The analysis of changes in cash for a consolidated entity begins with the consolidated balance sheets. There are several issues that you should keep in mind when preparing a consolidated statement of cash flow, including cash acquisition of a controlling interest, noncash acquisition of a controlling interest, and adjustments resulting from a business combination.
Please respond to all of the following prompts in the class discussion section of your online course:
- In the context of the cash acquisition of a controlling interest form of business combination, how would you describe the difference between an investing activity and a financing activity? What is the importance of this distinction?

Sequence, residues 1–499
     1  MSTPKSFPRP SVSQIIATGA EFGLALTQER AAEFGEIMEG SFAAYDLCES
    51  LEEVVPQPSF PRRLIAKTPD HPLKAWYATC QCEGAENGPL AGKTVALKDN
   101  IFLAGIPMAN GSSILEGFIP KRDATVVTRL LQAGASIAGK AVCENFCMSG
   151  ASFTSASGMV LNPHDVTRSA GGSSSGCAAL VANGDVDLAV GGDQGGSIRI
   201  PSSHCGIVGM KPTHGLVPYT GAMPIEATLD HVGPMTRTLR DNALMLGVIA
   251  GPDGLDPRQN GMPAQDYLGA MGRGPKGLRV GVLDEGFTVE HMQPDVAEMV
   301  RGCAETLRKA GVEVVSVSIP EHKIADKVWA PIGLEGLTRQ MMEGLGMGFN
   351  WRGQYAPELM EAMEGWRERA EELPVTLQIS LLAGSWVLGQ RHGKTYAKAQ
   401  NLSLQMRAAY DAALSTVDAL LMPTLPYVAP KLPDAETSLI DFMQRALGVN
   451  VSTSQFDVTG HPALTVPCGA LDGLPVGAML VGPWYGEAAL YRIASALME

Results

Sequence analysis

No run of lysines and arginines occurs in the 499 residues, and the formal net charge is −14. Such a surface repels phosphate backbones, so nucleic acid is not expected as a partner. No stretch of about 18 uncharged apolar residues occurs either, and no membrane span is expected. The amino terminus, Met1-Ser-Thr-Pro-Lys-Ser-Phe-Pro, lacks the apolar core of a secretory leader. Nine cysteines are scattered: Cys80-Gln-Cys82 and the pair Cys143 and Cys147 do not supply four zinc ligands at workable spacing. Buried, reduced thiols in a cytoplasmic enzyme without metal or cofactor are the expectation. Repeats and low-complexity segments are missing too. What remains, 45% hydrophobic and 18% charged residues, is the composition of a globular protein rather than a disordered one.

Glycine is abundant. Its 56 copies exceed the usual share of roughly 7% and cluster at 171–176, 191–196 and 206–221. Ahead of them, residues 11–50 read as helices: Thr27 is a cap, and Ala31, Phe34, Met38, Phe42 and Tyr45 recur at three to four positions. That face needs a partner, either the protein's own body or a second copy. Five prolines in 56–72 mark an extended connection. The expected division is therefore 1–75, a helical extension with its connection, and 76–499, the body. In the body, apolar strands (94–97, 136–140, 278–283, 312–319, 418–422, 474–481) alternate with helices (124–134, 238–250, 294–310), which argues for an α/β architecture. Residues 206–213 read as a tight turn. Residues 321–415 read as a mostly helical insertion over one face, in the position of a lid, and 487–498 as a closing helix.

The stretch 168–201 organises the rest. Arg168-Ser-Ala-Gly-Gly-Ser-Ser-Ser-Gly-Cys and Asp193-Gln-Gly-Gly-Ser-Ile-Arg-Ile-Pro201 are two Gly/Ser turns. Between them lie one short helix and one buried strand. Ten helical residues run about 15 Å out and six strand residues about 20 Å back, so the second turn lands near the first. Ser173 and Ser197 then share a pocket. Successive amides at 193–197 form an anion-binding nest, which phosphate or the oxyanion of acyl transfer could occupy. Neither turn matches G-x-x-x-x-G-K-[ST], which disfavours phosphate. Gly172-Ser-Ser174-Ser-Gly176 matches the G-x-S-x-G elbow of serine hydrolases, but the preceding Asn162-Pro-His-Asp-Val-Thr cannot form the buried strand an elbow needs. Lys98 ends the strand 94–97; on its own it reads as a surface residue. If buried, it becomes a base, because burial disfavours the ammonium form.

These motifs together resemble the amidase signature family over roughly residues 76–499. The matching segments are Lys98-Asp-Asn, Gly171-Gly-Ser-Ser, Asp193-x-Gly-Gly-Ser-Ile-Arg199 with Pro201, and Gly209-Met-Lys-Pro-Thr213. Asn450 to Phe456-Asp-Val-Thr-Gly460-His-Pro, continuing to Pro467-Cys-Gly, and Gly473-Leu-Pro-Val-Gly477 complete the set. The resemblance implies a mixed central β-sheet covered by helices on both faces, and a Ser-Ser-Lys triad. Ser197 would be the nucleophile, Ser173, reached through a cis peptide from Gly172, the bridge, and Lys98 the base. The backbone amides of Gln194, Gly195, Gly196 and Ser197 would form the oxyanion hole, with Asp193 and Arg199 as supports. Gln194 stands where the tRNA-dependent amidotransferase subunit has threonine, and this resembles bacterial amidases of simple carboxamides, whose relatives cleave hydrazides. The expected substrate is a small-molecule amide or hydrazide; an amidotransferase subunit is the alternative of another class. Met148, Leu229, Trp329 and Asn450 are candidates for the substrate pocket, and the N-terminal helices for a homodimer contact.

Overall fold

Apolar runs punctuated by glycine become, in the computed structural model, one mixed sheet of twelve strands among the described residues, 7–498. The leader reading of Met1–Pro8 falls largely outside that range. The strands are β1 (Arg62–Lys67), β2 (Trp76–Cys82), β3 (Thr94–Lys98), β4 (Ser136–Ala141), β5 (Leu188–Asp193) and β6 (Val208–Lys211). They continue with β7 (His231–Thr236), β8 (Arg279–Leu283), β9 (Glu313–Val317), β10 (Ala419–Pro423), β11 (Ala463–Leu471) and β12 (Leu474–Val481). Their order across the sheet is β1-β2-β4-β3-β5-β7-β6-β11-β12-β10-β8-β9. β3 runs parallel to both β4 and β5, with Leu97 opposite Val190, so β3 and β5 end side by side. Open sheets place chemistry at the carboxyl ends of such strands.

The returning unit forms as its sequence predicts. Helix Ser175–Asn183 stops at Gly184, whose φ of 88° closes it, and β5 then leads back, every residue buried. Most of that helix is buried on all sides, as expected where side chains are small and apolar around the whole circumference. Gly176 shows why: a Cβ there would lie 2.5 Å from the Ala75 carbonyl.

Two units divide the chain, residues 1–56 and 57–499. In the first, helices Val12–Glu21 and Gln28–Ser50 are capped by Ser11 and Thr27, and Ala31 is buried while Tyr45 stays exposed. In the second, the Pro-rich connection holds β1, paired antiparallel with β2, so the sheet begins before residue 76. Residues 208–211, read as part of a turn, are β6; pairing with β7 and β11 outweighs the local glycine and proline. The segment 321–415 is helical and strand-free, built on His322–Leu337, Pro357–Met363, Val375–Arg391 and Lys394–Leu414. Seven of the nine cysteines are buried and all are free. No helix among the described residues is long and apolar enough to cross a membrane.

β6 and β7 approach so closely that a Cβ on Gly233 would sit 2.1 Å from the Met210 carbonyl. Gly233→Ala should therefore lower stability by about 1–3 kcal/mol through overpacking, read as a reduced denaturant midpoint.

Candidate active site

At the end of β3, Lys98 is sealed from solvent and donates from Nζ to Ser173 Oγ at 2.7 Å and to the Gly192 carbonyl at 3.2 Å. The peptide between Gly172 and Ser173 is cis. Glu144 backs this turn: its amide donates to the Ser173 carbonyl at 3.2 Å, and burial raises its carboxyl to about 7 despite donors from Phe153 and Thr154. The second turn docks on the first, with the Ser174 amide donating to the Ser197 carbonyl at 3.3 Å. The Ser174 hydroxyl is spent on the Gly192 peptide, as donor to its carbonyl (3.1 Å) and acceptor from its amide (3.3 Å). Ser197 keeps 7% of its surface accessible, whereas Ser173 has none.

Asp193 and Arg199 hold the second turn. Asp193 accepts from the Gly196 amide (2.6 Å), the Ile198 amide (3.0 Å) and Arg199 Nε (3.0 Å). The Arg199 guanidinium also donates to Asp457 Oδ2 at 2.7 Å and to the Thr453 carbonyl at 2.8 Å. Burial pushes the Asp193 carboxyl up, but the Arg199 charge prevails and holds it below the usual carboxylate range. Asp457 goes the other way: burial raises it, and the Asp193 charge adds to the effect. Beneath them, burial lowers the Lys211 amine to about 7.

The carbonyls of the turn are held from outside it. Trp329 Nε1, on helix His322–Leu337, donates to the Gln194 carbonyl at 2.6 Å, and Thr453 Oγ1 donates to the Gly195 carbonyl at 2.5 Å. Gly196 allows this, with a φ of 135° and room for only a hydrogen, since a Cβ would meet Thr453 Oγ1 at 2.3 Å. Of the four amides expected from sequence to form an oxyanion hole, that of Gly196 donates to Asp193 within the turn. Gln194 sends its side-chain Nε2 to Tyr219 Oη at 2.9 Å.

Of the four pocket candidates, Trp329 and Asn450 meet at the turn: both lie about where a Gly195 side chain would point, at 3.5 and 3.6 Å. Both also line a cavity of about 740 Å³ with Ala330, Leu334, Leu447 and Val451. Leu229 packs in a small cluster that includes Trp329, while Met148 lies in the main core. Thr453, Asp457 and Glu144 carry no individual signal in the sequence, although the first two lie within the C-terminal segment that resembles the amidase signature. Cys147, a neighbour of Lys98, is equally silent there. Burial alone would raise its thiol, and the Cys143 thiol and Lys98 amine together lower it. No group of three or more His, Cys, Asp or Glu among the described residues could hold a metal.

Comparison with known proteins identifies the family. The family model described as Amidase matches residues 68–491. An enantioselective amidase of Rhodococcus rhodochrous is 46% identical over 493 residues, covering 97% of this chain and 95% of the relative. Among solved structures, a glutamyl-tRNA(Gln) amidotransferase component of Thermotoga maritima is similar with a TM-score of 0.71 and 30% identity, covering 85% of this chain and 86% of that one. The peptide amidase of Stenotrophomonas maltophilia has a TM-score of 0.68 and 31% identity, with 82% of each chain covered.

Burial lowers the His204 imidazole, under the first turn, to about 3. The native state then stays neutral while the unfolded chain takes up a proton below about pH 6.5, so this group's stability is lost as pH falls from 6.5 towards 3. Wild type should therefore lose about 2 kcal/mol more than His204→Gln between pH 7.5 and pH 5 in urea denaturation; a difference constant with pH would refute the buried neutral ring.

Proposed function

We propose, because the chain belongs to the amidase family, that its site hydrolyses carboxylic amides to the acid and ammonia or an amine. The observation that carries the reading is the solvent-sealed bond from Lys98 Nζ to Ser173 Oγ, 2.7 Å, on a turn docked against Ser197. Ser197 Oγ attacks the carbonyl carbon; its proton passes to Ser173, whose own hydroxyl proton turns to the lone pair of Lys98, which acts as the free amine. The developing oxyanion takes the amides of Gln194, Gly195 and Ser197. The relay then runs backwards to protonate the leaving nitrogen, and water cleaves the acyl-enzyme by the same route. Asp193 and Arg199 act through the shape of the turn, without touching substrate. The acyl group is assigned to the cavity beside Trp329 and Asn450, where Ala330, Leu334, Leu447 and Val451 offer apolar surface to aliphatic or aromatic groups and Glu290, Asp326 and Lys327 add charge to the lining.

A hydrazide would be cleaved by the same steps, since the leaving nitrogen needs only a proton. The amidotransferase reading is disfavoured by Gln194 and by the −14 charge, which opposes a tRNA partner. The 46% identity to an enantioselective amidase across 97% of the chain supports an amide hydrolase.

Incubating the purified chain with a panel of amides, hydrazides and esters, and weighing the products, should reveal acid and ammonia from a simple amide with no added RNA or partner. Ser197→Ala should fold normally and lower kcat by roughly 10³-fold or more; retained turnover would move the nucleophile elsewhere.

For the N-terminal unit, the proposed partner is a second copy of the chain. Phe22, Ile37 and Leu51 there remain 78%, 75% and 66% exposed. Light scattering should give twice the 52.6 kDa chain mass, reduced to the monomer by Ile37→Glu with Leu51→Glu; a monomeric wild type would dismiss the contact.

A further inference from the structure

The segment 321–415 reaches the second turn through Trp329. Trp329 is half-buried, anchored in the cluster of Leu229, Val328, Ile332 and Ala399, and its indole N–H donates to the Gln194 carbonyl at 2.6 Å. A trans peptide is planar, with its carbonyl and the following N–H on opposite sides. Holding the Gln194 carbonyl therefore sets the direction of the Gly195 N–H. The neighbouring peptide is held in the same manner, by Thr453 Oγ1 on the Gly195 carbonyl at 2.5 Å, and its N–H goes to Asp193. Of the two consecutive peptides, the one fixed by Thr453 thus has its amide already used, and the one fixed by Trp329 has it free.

- From an accounting perspective related to adjustments resulting from business combinations, if you had to choose between purchasing subsidiary shares or intercompany bonds, which would you choose? Why?
- In the example of the process of preparing a consolidated statement of cash flows where there has been a business combination presented on page 331 of Advanced Accounting, which part did you find the most difficult? The most straight-forward?
- Assume you are working for the parent company of a group with five subsidiaries. Of the information presented, which do you think would be the most difficult to obtain? Explain.